They are very wiggly, giggly, and energetic.
They’re wonderful and difficult to photograph. Always in motion, first graders have an exuberance that shines out from their eyes and their impish smiles.
Here are some images from the first grade photo shoot I did at my son’s school years ago. I took outdoor photos of each of the children in his first grade class.
With their two front teeth missing, first graders look like kind-hearted, good-natured vampires.
See what I mean?
Here are a few of my favorite photographs of the first graders:
It’s fun to do a first grade photo shoot with kids this age because of all their crazy expressions.
You can do really tight shots that are totally forgiving—no wrinkles or pimples in first grade.
For this shoot I was using a 6 megapixel Konica Minolta, which is considered older than a dinosaur in this digital age of camera evolution.
Professional portrait photographers, like this one, use much fancier equipment.
7 Tips for a first grade photo shoot … how to get good shots of 6 and 7-year-olds:
1) Make them move before you ask them to stand still: I had each kid run in a circle or to a tree, and then do some jumping jacks. This helped bring color to their cheeks and also helped erase the phony, now-I’m-posing-for-the-camera smiles that even toddlers have and that can plague photos at this age.
2) You can blur the background with the right kind of lens: I cheated by using a telephoto lens, standing relatively close, and then zooming all the way in. If you’re having trouble getting the background to blur, ask the first grader to take one step closer to the camera. When the background is a little farther away, you’ll get a better blur on.
3) If you need to get the attention of a distracted (or disenchanted) subject, have a friend stand behind you with their head as close to your shoulder as possible: That way when the child you’re trying to photograph laughs—finally—at the stupid knock knock joke his friend is telling him, he’s not looking off to one side.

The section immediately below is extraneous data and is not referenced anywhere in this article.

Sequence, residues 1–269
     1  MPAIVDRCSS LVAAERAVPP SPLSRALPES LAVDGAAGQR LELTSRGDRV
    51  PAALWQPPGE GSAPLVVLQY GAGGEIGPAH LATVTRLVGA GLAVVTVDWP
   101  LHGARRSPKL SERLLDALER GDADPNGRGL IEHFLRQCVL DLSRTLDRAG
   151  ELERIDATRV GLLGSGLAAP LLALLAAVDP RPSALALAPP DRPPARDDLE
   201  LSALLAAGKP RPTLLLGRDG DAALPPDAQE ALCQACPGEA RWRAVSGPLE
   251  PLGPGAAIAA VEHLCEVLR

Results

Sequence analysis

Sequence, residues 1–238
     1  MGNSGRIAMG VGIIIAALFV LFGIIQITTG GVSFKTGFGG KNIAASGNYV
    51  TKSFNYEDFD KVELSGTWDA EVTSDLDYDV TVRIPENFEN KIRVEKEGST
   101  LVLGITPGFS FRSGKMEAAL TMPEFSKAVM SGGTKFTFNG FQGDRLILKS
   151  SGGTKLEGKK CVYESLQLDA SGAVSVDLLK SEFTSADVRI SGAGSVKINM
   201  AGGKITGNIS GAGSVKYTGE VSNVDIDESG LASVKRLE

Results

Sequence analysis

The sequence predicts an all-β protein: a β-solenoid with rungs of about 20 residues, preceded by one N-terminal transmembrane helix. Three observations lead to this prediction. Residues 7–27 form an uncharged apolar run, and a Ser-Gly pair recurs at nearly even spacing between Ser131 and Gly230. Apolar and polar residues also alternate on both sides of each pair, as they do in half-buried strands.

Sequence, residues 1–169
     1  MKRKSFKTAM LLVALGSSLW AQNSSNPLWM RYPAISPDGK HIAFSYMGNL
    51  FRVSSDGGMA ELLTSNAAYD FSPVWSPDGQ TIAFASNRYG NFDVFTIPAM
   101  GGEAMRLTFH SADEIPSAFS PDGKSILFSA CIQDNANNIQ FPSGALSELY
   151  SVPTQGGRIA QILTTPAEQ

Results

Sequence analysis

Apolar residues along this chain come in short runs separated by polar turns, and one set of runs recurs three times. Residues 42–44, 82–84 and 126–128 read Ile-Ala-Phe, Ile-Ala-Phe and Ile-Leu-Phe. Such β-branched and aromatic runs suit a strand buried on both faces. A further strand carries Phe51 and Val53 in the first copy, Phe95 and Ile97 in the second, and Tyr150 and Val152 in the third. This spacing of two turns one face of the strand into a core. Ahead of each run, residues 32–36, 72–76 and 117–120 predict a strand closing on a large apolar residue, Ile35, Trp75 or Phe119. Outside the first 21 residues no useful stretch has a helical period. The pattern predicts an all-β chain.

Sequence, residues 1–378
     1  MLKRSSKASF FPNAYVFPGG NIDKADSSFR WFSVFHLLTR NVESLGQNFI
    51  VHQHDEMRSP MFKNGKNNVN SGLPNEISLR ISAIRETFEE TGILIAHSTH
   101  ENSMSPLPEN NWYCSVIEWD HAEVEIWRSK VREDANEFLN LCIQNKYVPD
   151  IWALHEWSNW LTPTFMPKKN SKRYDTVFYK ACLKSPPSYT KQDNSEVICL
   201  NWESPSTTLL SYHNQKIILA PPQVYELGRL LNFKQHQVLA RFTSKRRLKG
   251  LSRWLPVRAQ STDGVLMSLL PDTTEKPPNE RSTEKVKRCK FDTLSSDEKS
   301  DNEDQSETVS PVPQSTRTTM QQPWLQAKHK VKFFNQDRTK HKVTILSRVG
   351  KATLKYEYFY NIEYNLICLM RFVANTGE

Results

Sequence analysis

4) Don’t believe anything you see on the small screen: It’s the boon of digital cameras that you can preview the photos on the screen. It’s also the bane. Something that looks perfect on the small screen can be in lamentably soft focus once you develop it.
5) Keep clicking: Always take many more pictures during a first grade photo shoot than you think you need or want. Keep clicking! The expressions you capture in the in-between moments, not the posed pictures, end up being the keepers.
6) Use natural lighting … outdoors: Every picture I took during the first grade photo shoot this morning was different since the sun kept shifting and I was not using any fancy outdoor lighting equipment. Sometimes it was too bright and we had to move to the shade. Sometimes the sun was just perfect, and then disappeared behind the clouds. But natural lighting is ALWAYS better than indoor lighting (especially in a school, especially when you can’t afford an excellent flash.)
7) Bring an extra battery: Mine died at the moment I clicked the last photo. I had another one charged up and ready to go. But too many times I’ve made the mistake of not checking that both batteries are charged. Having a back-up camera with you is a good idea too.
Want to turn your photos into memes for Facebook? Read my musings on making FB memes.
Now it’s your turn! What are your best tips for photographing kids?
Post updated on November 29, 2018